New satellite camera takes “crystal clear” photos, but it can’t see through walls


Taking the aerial surveillance of Earth to the next level, a groundbreaking satellite camera enables penetration through opaque materials and even form “crystal clear” imagery out of any unhidden object.

Equipped with the said avante garde technology is the Capella-2 satellite, which is already orbiting around Earth.

The “magic” behind the advanced capability draws from the technology called Synthetic Aperture Radar (SAR), which makes use of powerful radio signals—similar to cell phones and Wi-Fi—to “illuminate” any targeted object and, at the same time, form its image via the echo of each pulse.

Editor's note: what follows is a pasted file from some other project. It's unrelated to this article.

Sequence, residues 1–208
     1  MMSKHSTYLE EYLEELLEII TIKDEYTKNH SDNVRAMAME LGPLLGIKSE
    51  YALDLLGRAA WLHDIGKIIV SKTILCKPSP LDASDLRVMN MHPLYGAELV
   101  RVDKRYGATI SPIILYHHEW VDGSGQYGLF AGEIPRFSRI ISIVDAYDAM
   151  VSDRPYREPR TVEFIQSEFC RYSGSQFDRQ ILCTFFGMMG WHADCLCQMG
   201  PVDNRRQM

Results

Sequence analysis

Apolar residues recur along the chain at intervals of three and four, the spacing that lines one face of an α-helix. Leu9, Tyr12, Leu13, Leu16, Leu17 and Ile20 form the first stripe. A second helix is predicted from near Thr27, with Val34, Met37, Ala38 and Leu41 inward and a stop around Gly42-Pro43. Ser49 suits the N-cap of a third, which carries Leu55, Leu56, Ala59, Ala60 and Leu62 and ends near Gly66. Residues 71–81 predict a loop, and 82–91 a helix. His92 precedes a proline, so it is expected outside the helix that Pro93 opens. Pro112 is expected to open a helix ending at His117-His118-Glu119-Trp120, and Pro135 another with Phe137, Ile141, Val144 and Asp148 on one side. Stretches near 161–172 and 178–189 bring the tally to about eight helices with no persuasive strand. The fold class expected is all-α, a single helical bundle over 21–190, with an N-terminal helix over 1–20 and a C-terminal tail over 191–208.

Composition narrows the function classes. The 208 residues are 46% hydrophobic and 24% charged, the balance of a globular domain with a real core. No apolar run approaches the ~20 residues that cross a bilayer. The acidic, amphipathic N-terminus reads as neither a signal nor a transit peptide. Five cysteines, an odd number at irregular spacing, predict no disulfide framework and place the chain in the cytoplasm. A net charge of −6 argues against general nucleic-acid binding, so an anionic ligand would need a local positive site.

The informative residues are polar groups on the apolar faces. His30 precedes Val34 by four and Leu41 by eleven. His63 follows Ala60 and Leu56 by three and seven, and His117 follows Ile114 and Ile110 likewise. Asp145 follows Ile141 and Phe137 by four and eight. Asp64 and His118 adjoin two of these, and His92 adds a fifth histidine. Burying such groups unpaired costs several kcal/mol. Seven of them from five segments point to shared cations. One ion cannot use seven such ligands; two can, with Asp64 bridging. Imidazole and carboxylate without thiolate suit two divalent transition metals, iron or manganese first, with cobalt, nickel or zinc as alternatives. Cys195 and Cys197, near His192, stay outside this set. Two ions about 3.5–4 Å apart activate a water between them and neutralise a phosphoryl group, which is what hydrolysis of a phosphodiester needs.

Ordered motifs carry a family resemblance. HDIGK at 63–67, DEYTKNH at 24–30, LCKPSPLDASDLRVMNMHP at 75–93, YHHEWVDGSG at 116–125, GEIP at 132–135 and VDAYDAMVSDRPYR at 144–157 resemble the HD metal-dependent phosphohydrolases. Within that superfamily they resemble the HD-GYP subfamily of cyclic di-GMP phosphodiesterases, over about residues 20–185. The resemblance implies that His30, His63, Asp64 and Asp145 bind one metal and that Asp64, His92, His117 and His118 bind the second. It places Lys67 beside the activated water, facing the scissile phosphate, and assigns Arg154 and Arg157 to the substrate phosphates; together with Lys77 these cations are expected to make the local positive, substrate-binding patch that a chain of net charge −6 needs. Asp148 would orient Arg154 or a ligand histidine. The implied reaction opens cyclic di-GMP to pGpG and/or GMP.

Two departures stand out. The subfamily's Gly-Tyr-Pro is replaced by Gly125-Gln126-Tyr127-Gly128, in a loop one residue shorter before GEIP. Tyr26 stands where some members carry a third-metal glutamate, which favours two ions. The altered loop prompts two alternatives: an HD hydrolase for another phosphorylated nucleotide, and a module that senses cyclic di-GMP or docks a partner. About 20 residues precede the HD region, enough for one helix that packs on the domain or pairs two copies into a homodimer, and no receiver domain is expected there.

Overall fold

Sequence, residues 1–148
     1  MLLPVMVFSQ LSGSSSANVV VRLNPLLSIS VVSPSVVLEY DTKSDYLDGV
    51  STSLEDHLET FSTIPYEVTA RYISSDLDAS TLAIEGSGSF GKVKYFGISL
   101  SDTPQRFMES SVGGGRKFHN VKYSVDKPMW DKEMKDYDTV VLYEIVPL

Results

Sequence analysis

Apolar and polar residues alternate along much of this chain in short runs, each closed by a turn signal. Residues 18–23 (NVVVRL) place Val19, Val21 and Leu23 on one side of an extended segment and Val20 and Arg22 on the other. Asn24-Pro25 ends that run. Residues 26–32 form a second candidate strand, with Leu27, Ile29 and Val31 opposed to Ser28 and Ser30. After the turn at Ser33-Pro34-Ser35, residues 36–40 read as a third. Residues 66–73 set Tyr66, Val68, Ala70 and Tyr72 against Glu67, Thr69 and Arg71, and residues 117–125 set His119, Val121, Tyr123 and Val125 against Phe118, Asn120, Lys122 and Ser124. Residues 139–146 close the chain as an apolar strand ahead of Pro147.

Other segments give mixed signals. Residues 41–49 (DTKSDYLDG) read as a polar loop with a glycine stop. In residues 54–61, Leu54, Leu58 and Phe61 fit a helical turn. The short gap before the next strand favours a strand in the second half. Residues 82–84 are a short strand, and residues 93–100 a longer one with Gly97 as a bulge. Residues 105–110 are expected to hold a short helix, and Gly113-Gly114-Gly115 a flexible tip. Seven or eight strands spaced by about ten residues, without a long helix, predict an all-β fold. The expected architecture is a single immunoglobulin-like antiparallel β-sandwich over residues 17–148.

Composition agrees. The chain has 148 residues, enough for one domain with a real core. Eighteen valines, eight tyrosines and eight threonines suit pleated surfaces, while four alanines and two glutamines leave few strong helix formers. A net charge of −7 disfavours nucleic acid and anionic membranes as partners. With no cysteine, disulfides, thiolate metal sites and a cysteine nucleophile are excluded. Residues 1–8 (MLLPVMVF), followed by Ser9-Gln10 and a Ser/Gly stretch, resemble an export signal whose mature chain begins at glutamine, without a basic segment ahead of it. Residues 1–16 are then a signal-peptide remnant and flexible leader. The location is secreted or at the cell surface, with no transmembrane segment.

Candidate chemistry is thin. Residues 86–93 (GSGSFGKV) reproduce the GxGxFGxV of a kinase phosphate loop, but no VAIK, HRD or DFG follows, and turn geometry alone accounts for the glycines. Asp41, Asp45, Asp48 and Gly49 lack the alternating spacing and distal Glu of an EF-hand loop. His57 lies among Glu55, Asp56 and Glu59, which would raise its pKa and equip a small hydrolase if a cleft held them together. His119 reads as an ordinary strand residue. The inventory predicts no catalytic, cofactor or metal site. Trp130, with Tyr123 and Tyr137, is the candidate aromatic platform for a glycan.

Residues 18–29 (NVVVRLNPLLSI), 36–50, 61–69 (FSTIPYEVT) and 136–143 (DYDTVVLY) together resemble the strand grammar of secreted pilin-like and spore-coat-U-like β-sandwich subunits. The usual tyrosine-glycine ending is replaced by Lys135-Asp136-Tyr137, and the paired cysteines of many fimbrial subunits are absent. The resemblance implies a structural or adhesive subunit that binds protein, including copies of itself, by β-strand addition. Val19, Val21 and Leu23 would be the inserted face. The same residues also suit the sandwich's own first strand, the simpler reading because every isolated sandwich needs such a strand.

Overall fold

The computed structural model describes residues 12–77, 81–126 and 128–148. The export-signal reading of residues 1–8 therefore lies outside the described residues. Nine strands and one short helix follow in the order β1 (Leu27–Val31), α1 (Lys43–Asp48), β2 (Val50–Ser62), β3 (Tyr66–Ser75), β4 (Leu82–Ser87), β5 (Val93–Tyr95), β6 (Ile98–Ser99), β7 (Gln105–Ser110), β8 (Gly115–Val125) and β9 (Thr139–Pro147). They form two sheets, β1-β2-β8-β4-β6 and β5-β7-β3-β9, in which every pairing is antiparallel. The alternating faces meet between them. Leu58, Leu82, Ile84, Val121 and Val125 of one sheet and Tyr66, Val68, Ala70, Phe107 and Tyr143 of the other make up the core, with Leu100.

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Taking advantage of a feature called “Spotlight mode,” the Capella-2 is able to hover over an area where the target is situated for up to 60 seconds and subsequently generate 50cm by 50cm resolution images.

Sounding like a tool that could spy on literally anyone from space, the people behind the technology claim that while the camera may penetrate through solid objects, it does not necessarily visualize what’s behind the walls and buildings.

Source: Capella Space

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